Home > Literature, Reviews > “The Bear Went Over the Mountain”: A Precise Shambolic Satire

“The Bear Went Over the Mountain”: A Precise Shambolic Satire

The satirical targets of William Kotzwinkle’s wonderful comic novel The Bear Went Over the Mountain can be a bit prosaic and specific, but its shambolic charm and unswerving commitment to the surprisingly resilient running jokes that constitute its backbone of humour carries it through.

A repeatedly published, sometimes bestselling author who lives on a remote island in Maine, Kotzwinkle quite obviously adapts plentiful personal experience to satirize the simple and bizarre lives of rural folk, the modern anxieties of urbane city-dwellers, the obscure interests of academics, and the sycophantic odyssey of the book promotion tour. Kotzwinkle begins with Arthur Bramhall, a frumpy and undertalented University of Maine English professor holed up in a shack in the Maine woods trying to write a cynical but hopefully lucrative rip-off of a romantic mass-market best-seller. Unfortunately, just as he finishes the manuscript, his cabin burns down and he loses his only copy. Pouring his frustration and loneliness into a passionate replacement novel called Destiny and Desire, Bramhall completes it with great toil and pride. Paranoid about this much finer piece of work being lost as well, Bramhall hides it on the edge of his property bear-went-over-the-mountain-cvrbeneath a tree.

Bramhall has terrible luck, though. His stashed masterpiece is spotted by a bear native to the area. Thinking it might be food (this bear is always thinking of food, because he is a bear), the bear checks out the briefcase. This bear can read a bit and he recognizes in his limited ursine way that the book has potential. So he steals some clothes, makes his way to Manhattan, and sells the manuscript to a big-city publisher. Inventing a human-like name for himself (Hal Jam), the bear finds that his natural animal instincts make him surprisingly well-adapted to success as a vigorous male writer in 1990s America.

This book requires a touch of suspension of disbelief to buy into the bear’s rapid rise in American society, but it’s much more focused on everyday humour of observation than these required fantastical assumptions might suggest. The people that the bear meets and who facilitate his rise invariably interpret and understand the bear’s limited qualities and simple, gnomic verbal statements through their own lenses. The bear’s OCD literary agent admires his rugged disregard for social rules (he imagines him as a new Hemingway, an impression reinforced by the bear’s request to be served a raw female salmon with “lots of eggs” in a fancy restaurant). His homosexual editor misreads statements about stealing food for a frank confession of same-sex desire (“I wanted his meat”). A fellow bestselling author of books about angels see in the bear a kindred spirit and a muse; a right-wing evangelical preacher tries to use the simple fellow to jumpstart a presidential campaign; and he reluctantly “ruts” with a Hollywood professional woman questing after the movie rights to his hit book.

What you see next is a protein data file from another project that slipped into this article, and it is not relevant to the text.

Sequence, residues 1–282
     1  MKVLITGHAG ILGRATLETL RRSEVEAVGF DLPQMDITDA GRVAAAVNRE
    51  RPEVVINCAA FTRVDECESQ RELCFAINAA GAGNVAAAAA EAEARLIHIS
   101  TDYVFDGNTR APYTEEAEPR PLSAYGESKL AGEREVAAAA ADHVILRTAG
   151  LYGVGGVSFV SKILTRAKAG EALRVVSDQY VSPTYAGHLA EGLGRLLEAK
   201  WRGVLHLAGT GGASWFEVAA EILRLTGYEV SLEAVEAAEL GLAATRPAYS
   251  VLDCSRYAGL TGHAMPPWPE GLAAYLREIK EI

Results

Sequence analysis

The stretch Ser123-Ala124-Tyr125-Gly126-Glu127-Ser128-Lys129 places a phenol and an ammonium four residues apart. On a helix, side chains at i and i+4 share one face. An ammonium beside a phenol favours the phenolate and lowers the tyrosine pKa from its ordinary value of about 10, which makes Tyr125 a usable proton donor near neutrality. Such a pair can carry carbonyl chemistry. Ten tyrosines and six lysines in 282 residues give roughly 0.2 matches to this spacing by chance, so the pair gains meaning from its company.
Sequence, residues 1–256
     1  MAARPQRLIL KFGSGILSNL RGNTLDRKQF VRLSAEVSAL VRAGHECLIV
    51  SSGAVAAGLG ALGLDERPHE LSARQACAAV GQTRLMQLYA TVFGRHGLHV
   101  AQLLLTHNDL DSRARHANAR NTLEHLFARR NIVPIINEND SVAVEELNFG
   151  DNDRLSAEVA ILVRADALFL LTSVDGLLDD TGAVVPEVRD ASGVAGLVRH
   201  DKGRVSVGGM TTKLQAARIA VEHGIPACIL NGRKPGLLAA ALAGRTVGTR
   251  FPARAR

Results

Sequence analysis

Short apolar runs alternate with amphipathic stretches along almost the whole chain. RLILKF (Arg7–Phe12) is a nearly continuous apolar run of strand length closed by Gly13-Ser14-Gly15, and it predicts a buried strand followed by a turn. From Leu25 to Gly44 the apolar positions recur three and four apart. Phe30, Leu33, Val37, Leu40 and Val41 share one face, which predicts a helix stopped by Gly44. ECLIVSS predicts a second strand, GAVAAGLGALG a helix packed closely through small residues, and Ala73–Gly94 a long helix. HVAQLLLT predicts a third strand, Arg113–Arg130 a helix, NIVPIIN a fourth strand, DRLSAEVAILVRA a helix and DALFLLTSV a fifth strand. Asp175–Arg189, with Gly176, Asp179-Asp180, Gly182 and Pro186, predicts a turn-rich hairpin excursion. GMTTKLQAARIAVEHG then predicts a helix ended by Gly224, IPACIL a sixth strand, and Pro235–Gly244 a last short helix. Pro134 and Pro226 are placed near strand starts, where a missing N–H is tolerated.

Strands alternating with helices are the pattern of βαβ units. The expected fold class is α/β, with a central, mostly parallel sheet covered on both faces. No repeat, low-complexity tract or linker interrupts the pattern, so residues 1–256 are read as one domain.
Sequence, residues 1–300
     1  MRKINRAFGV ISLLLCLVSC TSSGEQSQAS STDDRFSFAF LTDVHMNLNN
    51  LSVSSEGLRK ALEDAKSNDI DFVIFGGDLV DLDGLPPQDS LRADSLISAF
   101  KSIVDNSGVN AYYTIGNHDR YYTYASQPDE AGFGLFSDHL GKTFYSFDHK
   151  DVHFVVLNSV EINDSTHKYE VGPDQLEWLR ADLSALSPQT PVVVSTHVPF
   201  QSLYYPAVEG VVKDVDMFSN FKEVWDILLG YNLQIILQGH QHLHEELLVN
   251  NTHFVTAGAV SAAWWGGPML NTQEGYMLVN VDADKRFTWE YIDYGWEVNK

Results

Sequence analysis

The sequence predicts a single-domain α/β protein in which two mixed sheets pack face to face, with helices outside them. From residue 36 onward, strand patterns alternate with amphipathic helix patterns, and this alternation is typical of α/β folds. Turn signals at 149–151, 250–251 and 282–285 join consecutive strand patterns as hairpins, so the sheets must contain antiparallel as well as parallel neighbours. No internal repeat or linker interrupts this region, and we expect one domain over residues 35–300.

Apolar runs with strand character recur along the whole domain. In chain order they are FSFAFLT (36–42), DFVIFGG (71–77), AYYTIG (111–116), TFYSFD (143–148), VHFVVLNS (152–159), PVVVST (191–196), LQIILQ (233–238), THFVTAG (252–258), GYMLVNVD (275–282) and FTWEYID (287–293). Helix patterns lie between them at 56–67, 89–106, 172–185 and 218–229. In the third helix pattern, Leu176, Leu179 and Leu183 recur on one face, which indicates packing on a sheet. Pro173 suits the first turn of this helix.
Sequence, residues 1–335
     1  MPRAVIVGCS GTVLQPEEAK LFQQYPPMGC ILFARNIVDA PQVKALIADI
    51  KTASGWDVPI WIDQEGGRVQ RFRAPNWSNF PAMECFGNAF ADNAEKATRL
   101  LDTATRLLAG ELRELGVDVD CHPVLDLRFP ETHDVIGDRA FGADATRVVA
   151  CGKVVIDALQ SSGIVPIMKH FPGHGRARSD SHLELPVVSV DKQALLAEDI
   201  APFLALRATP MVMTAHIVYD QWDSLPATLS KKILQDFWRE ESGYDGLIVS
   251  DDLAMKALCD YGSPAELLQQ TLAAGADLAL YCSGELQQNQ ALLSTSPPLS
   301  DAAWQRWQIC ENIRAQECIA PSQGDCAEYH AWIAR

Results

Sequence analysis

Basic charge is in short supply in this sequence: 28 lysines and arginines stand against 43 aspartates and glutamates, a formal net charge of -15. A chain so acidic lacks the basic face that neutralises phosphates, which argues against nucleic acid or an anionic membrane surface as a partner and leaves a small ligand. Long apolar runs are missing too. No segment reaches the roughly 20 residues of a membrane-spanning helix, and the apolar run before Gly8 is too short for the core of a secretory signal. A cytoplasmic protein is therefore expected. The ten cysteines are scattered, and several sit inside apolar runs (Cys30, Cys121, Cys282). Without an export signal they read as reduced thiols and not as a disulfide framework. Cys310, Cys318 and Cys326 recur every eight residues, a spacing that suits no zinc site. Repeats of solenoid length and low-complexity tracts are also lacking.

Hal Jam’s book tour is a riot, as he demands a constant supply of cheese snacks, attacks an assistant producer when alarmed before a television appearance, and marks his territory in various luxury hotels. His personal style is distinctly tacky (he enjoys clip-on ties and novelty telephones, because he is a bear) and he fills his Manhattan pad with cakes, pies, and jars of honey. He impresses a self-important literary critic at a party with a haunted phrase “I’ve heard the howling of the dogs”; the critic thinks it’s a profound statement about the nature of contemporary literature, but in fact the bear just had a run-in with some canines in Washington Square Park (other animals see through to his true ursine nature better than humans do).

As long as The Bear Went Over the Mountain is focused on the bear, it’s brilliant stuff. Kotzwinkle contrasts the bear’s adventures of gradually-advancing human-ness with Arthur Bramhall’s rural search for new inspiration for a book while he becomes increasingly bear-like, however, and the latter’s activities are less interesting and much less funny. Bramhall’s chapters are shorter than the bear’s, at least, and they do lead narratively to a courtroom confrontation over the ownership of Destiny and Desire. But the reader is definitely eager to see what the bear has got up to now while working through the Bramhall sections.

This is because Kotzwinkle’s bear is a genius comedic creation, both a mirror for modern American insecurities and a memorable fish-out-of-water figure imbued with a proud and bumbling grace. The bear listens always to his primal urges, and this makes him endearing to and successful in a society that imagines itself to be based on the pursuit of those basic urges and in the liberty requisite to their pursuit. But in Kotzwinkle’s well-modulated satire of American society and culture, human Americans have set up a forest of arbitrary obstacles to their happiness. It takes a guileless character from the actual forest to overcome these obstacles.

Categories: Literature, Reviews
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